4332 South Cleveland Massillon Road
Norton, OH 44203
DIXIE DENTAL & DENTURE CENTER
3609 N DIXIE DR
DAYTON, OH, 45414
DESAL PRIYA DMD
101 BELLBROOK AVE
XENIA, OH, 45385
CYNTHIA A DULL D.D.S.
1056 N BROAD ST
FAIRBORN, OH, 45324
MARISSA L MILLER D.D.S. INC
100 W MAIN ST
SHELBY, OH, 44875
The technology and treatment options for consumers of dental care have greatly improved over the last 20 years. The new dentistry now provides you with the opportunity of maintaining your natural teeth throughout your life. One of the ways this is accomplished is by referral to a dental specialist to treat specific dental problems.
When dentists refer you to a specialist, your understanding of the problem and decision for treatment is vital in determining a specialized dental plan. The plan for your dental health and your general dentist's overall goals often depend on these specialized resources.
When you are referred to a dental specialist, he or she becomes a part of your dental team. Although your specialist will give you information about the reasons for the referral and the treatment, there are also some active steps you can take to increase your participation in the dentistry treatment and healing process.
A query of dental specialists indicates that there are some questions that they would like you to ask to enhance the treatment outcomes they seek as a result of your dental plan. Answers to the following questions will often augment the information provided by your general dentist and enable you to clarify any further questions you may have about the specialized treatment you are receiving.
These four questions will help you gain insight into the disease process that led to the need for dental care treatment and the prevention and self-care measures you can incorporate into your life to avoid future problems. With this information, you can also work with your general dentist and the dental team to maintain your dental health plan.
Specialized dental care for your dental needs is one of the ways the new dentistry has brought innovations in diagnosis and treatment to benefit consumers.
By Brian DesRoches, PhD
Q. What is endodontics?
A. Endodontics is the area of dentistry that specifically deals with what is called the pulp within a tooth.
Q. What is dental pulp?
A. The dental pulp is a soft tissue comprised of tiny arteries, veins, nerves and lymph vessels for the tooth.
Q. Where does the term root canal come from?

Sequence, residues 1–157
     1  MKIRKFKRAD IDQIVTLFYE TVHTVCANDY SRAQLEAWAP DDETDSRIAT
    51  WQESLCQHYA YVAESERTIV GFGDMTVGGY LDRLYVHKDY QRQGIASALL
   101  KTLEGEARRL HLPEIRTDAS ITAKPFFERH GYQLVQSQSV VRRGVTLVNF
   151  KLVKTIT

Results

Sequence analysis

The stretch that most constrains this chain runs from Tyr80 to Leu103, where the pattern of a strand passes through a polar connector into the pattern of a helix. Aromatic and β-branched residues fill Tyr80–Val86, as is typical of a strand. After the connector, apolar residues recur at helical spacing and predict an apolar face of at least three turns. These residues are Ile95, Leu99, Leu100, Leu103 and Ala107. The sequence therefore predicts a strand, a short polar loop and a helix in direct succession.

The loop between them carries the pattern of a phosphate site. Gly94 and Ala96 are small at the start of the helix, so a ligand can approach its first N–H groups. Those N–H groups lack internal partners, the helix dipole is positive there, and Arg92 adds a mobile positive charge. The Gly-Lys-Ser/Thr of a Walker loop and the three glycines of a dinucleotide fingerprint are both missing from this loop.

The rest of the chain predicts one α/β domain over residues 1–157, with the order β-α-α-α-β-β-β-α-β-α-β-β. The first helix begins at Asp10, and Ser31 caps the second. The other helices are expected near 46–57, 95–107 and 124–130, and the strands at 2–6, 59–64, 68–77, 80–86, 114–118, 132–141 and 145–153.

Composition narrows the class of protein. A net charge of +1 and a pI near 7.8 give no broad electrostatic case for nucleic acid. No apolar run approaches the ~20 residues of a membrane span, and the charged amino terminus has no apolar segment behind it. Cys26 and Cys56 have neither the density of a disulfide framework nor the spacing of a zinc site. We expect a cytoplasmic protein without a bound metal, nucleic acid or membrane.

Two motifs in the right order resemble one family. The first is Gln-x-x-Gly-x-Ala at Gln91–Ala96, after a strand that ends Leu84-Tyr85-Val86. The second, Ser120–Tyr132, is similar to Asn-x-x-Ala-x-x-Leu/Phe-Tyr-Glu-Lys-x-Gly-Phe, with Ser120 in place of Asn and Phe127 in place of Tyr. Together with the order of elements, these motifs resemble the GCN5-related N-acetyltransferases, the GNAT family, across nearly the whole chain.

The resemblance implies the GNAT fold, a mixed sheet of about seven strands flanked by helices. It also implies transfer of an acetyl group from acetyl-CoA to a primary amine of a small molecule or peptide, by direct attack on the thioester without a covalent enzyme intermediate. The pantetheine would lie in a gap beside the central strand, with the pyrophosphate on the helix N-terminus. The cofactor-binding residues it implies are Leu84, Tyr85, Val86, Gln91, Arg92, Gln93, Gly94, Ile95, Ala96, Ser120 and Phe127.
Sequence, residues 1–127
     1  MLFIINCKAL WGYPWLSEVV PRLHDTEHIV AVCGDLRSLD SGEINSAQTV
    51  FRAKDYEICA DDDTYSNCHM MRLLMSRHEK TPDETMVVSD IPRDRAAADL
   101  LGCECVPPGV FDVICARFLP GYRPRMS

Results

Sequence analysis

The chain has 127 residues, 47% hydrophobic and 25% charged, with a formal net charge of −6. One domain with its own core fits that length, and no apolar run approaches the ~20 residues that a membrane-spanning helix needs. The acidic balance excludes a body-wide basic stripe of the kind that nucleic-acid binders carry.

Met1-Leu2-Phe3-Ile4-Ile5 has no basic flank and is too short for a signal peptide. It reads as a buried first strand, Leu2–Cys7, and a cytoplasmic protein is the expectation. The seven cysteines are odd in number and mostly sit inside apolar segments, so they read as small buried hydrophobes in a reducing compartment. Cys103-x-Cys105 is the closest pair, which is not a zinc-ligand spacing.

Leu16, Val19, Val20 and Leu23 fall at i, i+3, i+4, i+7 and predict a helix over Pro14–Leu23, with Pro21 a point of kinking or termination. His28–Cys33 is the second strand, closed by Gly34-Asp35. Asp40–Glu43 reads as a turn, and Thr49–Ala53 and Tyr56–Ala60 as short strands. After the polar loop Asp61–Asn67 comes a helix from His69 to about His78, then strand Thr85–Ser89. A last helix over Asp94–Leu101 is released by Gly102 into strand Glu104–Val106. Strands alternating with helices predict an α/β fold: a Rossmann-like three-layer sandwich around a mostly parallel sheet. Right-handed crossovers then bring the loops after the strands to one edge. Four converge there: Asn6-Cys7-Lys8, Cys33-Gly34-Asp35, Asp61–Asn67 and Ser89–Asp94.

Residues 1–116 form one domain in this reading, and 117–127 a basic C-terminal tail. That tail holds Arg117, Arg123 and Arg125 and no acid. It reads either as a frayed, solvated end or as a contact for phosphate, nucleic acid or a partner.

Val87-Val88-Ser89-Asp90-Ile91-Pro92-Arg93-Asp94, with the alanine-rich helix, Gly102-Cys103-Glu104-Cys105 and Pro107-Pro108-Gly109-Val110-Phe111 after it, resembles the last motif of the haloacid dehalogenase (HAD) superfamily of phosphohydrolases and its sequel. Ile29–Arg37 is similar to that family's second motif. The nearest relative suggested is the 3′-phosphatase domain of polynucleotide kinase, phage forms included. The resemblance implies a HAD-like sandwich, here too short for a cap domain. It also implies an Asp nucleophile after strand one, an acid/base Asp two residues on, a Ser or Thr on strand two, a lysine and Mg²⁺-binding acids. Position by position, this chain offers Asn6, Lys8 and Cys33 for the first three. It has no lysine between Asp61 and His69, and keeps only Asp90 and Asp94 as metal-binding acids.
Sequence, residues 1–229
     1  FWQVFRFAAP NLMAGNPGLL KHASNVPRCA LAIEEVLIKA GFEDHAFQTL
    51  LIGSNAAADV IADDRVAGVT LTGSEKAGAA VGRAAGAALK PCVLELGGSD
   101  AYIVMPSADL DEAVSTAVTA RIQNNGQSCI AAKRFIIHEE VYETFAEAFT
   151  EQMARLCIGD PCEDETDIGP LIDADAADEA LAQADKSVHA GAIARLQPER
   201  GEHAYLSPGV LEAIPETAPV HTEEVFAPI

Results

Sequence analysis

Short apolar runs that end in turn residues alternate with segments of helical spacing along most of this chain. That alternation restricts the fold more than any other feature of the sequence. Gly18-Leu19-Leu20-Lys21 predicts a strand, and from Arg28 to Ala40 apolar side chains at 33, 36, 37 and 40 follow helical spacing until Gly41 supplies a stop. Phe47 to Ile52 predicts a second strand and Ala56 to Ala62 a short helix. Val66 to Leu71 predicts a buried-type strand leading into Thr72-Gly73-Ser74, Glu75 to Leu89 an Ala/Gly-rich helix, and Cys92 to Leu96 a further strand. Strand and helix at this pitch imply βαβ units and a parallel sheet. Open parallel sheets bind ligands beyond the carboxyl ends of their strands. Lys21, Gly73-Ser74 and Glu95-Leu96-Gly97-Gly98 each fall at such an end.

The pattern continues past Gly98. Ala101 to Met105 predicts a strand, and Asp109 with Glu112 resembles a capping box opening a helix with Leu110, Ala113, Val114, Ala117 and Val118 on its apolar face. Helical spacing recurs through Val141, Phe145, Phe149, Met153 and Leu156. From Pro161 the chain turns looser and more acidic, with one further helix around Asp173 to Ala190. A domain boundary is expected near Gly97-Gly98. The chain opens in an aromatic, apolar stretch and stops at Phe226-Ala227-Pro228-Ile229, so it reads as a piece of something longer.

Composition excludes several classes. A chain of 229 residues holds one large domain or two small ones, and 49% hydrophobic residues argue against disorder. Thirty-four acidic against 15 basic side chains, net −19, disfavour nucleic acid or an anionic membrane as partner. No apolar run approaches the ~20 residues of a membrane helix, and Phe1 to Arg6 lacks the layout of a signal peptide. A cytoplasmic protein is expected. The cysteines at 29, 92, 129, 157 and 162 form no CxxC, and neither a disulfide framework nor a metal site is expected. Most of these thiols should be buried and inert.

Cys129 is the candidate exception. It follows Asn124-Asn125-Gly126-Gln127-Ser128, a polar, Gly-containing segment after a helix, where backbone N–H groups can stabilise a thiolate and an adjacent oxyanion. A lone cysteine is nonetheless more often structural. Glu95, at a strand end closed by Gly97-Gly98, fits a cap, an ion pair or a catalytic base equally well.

A. The tooth is comprised of three basic components. The first component is the crown/enamel, which is seen by the naked eye.
The next level of the tooth is dentin, which is under the enamel and the "housing” for the dental pulp. The final component is the dental pulp and is the core of the tooth. This bulk of the dental pulp is in the center of the tooth or the pulp chamber, and is connected to the Mandibular Canal through the root canals. The root canals are like veins for the dental pulp.
Q. What does the procedure root canal mean?
A. Root canal has become a term for a procedure involving the dental pulp. When the dental pulp has been exposed and damaged, it must be treated professionally and this process is usually referred to as getting a root canal.
Q. What does a root canal procedure entail?
A. Once the dental pulp has been infected, it must be removed from both the pulp chamber and the root canals. Once it has been removed, the pulp chamber and root canals are thoroughly cleaned and enlarged. Based on the level of infection, the dentists may choose to clean the area more than once. After the area is free of infection, the dentist will fill the root canals and pulp chamber with a filling that will prevent any bacteria from entering the area. Finally, the dentist will place a crown over the tooth to restore it to its original shape.
Q. What causes dental pulp to become damaged or infected?
A. Normally, when a deep cavity occurs, it exposes the dental pulp to the bacteria inside the mouth. When exposed to this bacteria, the dental pulp can become infected and thus cause the inside of the tooth to be infected.
Q. What can happen if infected dental pulp is not treated?
A. Overtime, the infected pulp will die. At the same time, pus from the infection will develop at the base of the tooth and cause an abscess to form. If this occurs, it is not uncommon for the abscess to cause the bone holding the tooth to deteriorate. If this deterioration becomes too severe, the tooth will fall out.
Q. What role does the computer play in the dental care industry?
A. In the future, patient records may be kept on computer disks, including visual images captured on intraoral cameras. A computerized workstation beside the patient’s chair will give the dentist the ability to view the patient’s history from disk.
Also, the dentist might use a voice-recognition system to ask the computer to assist in finding that data, or create a “before and after” image so the patient can preview the result of dental work before it is done.